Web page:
All aerobic activities are beneficial to human health than other types of exercises. To such conclusion scientists, who published an article in the European Heart journal.
In recent years, scientists have been actively interested in how different kinds of exercise not only affect muscle condition and metabolism, but also on life expectancy and its quality in old age.
For example, a few years ago, scientists from Belgium have found that many forms of charging to slow down aging and rejuvenate human cells, causing them to produce proteins responsible for repairing the so-called the telomeres — the end parts of chromosomes. Later, their Australian colleagues analyzed what kinds of sports increases the life expectancy of the elderly residents of Britain. For example, such properties have tennis, aerobics and Cycling, and soccer and running almost no effect on longevity.
“All the doctors recommend exercise, however, no one has conducted large-scale inspections of how it affects real longevity in humans,” said Ulrich Laufs from Leipzig University.
Analyzing the results of previous experiments, he and his colleagues noticed a curious pattern — all types of exercise were most beneficial to the body, were among the so-called endurance, strengthen the heart and help muscles more efficiently use oxygen.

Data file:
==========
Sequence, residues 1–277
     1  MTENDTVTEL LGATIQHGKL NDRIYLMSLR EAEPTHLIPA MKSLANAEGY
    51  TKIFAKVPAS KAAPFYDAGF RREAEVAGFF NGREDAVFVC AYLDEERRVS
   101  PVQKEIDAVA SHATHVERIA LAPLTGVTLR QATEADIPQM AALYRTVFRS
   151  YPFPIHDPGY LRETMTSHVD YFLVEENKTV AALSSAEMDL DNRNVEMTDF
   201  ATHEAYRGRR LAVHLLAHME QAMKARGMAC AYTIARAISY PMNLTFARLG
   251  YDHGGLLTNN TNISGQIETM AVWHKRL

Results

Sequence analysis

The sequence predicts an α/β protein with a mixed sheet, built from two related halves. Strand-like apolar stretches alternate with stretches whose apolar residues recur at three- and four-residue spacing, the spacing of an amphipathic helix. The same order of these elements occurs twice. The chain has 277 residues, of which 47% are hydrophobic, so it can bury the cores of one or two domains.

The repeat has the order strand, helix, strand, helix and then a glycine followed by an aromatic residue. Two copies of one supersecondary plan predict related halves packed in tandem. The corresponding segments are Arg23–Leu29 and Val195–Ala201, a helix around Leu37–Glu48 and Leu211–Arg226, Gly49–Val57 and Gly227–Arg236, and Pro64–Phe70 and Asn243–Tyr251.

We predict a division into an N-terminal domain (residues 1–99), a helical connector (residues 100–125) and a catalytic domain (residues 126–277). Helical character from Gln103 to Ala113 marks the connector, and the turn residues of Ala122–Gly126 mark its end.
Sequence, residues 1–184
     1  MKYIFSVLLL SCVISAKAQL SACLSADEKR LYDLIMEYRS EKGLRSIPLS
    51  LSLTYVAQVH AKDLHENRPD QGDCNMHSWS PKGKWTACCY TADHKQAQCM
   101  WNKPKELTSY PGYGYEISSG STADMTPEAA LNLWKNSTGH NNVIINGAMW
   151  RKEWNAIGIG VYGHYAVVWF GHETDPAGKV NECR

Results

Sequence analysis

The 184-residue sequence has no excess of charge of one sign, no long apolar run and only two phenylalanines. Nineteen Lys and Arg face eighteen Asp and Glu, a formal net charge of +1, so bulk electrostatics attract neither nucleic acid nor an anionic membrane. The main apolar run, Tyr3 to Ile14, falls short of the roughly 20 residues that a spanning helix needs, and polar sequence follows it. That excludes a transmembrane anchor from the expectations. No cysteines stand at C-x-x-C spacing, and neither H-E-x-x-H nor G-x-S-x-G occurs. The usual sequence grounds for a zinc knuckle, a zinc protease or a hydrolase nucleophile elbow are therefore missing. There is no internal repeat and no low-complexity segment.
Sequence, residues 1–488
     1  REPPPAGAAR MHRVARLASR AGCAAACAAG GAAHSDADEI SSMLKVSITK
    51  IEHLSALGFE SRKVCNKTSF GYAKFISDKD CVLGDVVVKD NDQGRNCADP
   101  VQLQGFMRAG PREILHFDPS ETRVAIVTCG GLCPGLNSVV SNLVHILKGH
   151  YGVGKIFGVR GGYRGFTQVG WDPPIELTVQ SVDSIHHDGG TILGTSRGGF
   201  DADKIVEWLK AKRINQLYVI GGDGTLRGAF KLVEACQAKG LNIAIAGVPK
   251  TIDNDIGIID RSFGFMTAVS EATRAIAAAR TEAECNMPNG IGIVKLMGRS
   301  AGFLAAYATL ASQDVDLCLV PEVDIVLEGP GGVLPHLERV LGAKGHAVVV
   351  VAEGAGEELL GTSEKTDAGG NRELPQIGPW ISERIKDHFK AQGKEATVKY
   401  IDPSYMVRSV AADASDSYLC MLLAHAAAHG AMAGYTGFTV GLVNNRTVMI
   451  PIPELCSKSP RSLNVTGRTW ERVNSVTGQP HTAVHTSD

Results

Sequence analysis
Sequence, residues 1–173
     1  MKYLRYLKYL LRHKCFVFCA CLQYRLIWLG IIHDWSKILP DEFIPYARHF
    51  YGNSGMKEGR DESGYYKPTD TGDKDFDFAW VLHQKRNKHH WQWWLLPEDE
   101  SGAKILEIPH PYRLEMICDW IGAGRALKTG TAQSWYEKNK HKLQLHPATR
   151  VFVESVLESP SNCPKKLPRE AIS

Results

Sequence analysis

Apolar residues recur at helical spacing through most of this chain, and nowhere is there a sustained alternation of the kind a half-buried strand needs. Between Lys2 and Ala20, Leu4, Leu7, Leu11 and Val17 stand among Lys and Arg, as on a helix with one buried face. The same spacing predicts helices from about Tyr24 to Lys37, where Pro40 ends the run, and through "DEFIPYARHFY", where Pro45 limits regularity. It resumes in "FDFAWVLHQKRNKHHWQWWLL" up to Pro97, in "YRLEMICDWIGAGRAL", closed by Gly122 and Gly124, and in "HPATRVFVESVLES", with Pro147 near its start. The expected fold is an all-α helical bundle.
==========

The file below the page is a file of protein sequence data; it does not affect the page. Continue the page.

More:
They gathered a group of nearly three hundred volunteers who agreed to drastically change your lifestyle. Scientists “wrote” them with different sets of exercises, and within six months, watched how varied their telomeres.
Some of the volunteers were just doing mild forms of aerobics, others alternated episodes of heavy and light load, pedaling on a bike or paddle boat. The third group worked on simulators designed to enhance maximum strength.
However, only half of the volunteers threw these classes and comply with the regime until the end of experiments. They helped scientists to prove that changes in the telomere length really depended on the type of load.
For example, it was found that the activity of proteins that protect them from destruction, grew by about two to three times the volunteers, engaged in Jogging, aerobics, rowing and spinning classes, but has not changed among fans of weightlifting. This means that the cells of athletes involved in athletics or aerobics, age more slowly than the body lovers “rocking” bar.
Successful completion of these experiments, as I hope, Laufs and his colleagues, will attract the attention of other scientists to this problem that will allow us to conduct more extensive re-checking their findings.